To the Editor:
Your timely Jan. 21 editorial, “Until All the Fish Are Gone,” correctly underscores the growing negative environmental and social effects of overfishing. What once seemed simply a conservation concern is now a global issue with tremendous social and economic ramifications.
We are fast approaching a critical crossroads in the future of our oceans. But unlike many other global issues, where business and the environmental community are often at odds, here we completely agree on a solution.
Members of the World Trade Organization are now negotiating new trade rules to reduce the government subsidies that promote overfishing. These subsidies provide fleets with money, fuel and incentives to fish longer, harder and farther than ever before. As a result, fish populations are declining, along with the quality of life of people around the world who depend on fishing for food and livelihood.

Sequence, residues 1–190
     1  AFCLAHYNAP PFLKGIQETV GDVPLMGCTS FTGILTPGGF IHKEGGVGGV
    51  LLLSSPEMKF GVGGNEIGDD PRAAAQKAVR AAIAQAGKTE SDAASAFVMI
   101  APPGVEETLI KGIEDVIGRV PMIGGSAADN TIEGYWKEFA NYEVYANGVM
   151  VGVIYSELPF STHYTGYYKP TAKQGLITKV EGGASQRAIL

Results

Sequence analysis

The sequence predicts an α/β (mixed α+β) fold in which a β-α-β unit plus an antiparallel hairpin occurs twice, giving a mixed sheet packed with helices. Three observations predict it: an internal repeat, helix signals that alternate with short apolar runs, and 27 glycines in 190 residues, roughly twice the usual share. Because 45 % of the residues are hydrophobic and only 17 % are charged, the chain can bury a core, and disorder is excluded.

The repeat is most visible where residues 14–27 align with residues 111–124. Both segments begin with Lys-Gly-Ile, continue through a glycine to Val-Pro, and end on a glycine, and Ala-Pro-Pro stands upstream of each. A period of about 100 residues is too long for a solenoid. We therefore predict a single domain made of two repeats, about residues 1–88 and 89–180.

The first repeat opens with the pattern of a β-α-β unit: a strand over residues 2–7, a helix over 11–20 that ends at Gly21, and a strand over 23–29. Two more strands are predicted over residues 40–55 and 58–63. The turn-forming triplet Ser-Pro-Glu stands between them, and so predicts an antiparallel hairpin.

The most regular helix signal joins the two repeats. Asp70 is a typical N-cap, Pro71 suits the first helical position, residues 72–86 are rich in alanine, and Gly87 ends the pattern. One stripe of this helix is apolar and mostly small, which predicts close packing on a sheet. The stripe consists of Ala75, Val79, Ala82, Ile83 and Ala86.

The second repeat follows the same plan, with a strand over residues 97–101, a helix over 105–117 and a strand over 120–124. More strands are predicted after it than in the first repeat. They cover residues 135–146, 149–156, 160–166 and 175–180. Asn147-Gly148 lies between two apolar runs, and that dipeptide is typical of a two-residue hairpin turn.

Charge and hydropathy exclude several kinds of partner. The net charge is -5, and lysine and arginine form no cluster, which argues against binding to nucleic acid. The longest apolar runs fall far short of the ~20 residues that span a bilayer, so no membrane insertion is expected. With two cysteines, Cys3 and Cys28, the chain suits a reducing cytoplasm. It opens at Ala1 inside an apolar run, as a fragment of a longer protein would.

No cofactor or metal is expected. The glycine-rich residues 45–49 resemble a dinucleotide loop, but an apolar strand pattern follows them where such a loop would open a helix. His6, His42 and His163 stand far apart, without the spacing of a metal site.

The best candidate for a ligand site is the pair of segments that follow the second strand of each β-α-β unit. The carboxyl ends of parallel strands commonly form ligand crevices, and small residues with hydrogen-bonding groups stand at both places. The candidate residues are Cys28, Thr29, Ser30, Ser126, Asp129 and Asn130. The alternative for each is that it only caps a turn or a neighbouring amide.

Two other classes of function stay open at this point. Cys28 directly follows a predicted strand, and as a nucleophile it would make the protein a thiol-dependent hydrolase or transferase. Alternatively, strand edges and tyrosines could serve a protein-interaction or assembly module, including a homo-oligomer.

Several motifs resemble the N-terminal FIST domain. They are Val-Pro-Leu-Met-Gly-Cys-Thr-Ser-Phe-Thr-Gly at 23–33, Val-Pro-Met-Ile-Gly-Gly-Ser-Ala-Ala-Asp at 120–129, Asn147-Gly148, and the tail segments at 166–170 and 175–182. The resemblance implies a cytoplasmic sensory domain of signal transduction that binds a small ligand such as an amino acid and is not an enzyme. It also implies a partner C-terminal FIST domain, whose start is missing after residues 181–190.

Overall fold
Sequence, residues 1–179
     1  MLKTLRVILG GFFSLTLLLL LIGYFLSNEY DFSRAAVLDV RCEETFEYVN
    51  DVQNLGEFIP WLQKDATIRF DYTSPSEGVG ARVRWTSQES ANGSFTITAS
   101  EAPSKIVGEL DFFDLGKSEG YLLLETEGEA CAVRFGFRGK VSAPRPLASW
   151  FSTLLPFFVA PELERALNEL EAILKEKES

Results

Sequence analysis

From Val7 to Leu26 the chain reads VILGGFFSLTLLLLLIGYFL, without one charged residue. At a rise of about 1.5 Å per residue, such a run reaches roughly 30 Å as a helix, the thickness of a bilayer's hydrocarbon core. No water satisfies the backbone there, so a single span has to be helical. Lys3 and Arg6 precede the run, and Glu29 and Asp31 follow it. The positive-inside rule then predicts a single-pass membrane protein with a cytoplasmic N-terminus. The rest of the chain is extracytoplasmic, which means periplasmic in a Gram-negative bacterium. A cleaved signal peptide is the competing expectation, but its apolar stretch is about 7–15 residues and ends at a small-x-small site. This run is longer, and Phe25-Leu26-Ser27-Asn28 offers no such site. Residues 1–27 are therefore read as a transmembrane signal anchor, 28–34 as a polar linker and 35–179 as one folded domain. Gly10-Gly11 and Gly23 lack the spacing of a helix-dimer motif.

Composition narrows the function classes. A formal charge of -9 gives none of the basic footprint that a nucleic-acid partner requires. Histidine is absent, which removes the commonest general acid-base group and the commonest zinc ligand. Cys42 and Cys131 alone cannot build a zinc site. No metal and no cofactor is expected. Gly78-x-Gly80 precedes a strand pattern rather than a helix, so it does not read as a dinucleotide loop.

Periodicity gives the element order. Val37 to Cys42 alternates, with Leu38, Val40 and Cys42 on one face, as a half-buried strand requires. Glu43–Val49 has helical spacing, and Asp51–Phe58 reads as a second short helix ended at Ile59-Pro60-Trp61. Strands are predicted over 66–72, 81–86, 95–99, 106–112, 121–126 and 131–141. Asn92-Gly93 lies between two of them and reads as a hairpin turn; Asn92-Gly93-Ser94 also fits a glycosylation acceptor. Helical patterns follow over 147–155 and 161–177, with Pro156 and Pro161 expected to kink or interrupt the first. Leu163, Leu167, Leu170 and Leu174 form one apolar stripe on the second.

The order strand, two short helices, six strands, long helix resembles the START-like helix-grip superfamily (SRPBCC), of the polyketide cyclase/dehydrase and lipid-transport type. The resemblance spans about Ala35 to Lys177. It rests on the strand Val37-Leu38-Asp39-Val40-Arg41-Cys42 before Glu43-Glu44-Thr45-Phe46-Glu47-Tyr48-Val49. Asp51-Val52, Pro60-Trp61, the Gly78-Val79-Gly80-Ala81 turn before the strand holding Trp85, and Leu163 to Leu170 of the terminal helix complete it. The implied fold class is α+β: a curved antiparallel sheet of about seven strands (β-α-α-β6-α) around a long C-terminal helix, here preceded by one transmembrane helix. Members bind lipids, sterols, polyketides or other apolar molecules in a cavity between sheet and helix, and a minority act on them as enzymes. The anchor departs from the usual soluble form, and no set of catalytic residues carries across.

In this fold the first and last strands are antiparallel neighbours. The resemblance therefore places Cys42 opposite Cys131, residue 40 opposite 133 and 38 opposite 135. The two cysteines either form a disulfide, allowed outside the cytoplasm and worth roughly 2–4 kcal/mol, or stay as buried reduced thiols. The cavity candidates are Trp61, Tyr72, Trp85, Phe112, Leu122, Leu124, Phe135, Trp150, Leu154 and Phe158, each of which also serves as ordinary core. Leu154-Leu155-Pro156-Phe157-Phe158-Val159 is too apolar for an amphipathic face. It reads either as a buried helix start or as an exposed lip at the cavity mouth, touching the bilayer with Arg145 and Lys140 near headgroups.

Reducing fishing subsidies is the single greatest action that can be taken to protect the world’s oceans.
Will the W.T.O. members seize the opportunity to stop overfishing and begin restoring the health of the oceans, and in turn, the health of mankind? That is the question.
Peter M. Robinson
Andrew F. Sharpless
New York, Jan. 22, 2008
Mr. Robinson is president and chief executive of the United States Council for International Business. Mr. Sharpless is chief executive of Oceana, an international environmental ocean advocacy group.